Interdisciplinary thinking. Supporting diversity and inclusion. Examining “why” innovations matter and how they will positively or negatively impact society. These are all areas where ecosystem needs align with university values.

Universities have long valued the strength of interdisciplinary collaboration. Bringing into conversation voices and perspectives from differing backgrounds and interests can result in new ways of thinking and envisioning a region’s future. While there are several factors that can influence a region’s ability to launch and support new startups, the most complex algorithms predicting the success of innovation economies support a focus on people—arguing that entrepreneurship increases when there are more entrepreneurial people within the region.

The value of a diverse and inclusive innovation culture also aligns well with the university’s approach to research and development.

Each university has a different sense of self, and ecosystem builders have to keep an eye for what sparks organically between innovation initiatives and their regional universities’ focus areas. When they find that place of alignment, relationships with university leaders (i.e. presidents, provosts, and deans) go a long way—building bridges to all of the physical assets and talents housed within their walls.

The most important thing to keep in mind is that, from the university perspective, innovation must mean more than merely making money or embracing the latest buzzword. Universities are and will likely always be wary of “unexamined enthusiasm for the marketplace as a wise referee of ideas.” But that doesn’t mean they’re disinterested. It just means that ecosystem builders have to make the case for collaboration in a way that is meaningful for university stakeholders. Ideally, that means offering space for their research expertise, critical thinking, inclusive mindset, and creative problem-solving to thrive.


There are several ways in which ecosystem builders can leverage university assets and harness the strengths they offer: (1) becoming involved in entrepreneurship programs and curricula, (2) developing innovation hubs as opportunities for mentorship, and (3) commercializing research. Let’s dive into these three opportunities and explore case stories that bring it all to life.


Entrepreneurial training has steadily become an academic expectation. According to a report from the Kauffman Panel on Entrepreneurship Curriculum in Higher Education, in 1985, only about 250 university- level entrepreneurship courses were offered in the United States. Today, more than 5,000 entrepreneurship courses exist across the country.

This is a clear indicator that universities’ have begun to shift their focus toward innovation—starting with their students. Mary Grove from the Rise of the Rest Fund speaks to this shift with enthusiasm: “There’s so much momentum and excitement around entrepreneurship, startups and small businesses as the back-bone of job creation in the U.S. Universities certainly play a very fundamental role in that.”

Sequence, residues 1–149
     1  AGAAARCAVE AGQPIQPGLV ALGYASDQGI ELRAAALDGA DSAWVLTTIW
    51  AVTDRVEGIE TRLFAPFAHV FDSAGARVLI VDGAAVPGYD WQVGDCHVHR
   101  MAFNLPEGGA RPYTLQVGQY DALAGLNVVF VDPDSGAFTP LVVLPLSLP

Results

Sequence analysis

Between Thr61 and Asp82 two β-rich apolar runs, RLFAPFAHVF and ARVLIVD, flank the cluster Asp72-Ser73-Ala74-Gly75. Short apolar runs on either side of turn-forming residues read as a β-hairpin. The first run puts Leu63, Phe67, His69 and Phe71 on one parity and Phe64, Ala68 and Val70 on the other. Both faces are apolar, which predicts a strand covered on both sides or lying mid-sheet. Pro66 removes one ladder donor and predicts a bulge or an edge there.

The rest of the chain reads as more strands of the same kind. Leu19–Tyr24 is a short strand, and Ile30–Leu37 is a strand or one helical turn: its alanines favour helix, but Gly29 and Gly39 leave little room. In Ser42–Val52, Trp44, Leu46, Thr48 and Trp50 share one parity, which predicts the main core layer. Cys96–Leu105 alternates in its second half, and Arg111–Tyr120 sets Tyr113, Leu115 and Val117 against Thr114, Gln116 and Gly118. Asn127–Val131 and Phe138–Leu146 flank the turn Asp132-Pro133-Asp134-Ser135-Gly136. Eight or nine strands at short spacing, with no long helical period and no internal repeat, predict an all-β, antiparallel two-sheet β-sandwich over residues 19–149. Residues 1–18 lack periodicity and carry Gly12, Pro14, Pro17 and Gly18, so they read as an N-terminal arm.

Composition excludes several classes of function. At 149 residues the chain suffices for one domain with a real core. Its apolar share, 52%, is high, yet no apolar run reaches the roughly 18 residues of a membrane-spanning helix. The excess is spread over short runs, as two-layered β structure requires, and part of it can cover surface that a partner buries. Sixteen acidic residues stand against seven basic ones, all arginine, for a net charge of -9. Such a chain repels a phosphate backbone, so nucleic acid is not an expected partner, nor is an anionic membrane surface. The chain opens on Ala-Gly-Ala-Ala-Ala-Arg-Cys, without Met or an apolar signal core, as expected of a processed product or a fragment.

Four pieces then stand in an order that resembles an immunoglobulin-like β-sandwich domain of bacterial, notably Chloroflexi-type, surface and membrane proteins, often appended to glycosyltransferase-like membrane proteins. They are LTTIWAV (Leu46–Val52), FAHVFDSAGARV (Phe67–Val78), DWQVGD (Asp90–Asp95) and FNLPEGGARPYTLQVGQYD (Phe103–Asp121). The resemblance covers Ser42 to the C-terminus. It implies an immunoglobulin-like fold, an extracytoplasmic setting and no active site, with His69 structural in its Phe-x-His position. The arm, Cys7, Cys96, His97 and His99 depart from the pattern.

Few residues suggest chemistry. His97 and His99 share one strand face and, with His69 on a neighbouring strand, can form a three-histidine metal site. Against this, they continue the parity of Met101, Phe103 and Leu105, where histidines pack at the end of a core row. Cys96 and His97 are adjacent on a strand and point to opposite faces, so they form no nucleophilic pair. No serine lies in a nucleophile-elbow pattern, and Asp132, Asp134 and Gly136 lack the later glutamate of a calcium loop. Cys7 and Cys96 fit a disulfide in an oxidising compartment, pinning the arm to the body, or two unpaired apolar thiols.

It takes more than capital to create a company; talent and passion are central to an innovator’s success. And universities can provide talented students and passionate researchers that can support revolutionary ventures. In this important way, universities can cultivate the talent pipeline for startup communities. Universities can also provide support through institutes, competitions, administrative services, and student groups. Recent research found that such efforts can challenge academic cultures that tend to be more risk averse—changing mindsets around innovation.

What’s more: Entrepreneurship programs can prevent “brain drain”—or the tendency of residents to leave the region after college. More leaders are arguing that the creativity and business savvy that comes along with entrepreneurial training can compel students to stay in the region and positively impact local communities. It’s not only about achieving world domination through the creation of venture-backed unicorns. It’s also about growing and developing an entrepreneurial culture that can result in immediate benefits and long-term commitments to local economies.


Dr. Tim Holcomb is fostering the kind of skill-building today’s entrepreneurial students are looking for at Miami University. Before joining Miami as an associate professor of entrepreneurship, he spent 13 years at Accenture, founded four venture-backed startups, and led the $800 million Network Services Division of Flex. Now Director of the John W. Altman Institute for Entrepreneurship at Miami University, where their mission is to prepare tomorrow’s entrepreneurial workforce to be “Job Ready, Day One,” he is making efforts to elevate students’ impact on society.

Investing in university programming is just one way to forge a pathway between university assets and other nodes in an ecosystem.

When describing Miami’s differentiated approach to undergraduate entrepreneurship education, Tim talks about their focus on, “Teaching students to ‘do’ entrepreneurship, rather than teaching students ‘about’ entrepreneurship.” Faculty take this “do” mentality seriously by delivering programs that connect with other nodes in the ecosystem. For example, students and faculty alike engage with key regional organizations like Cintrifuse, Flywheel Social Enterprise Hub, and CincyTech. Annually, students and student-led startups receive mentoring, coaching, and advice from more than 450 angel investors and venture capitalists, accelerator directors, startup founders, social entrepreneurs and others from organizations like Techstars, 500 Startups, and Silicon Valley Bank. From students pursuing initial funding from angel investors to professionals offering guest lectures, Miami’s institute focuses on ways to engage students with other nodes of the ecosystem necessary to fostering entrepreneurship in the region.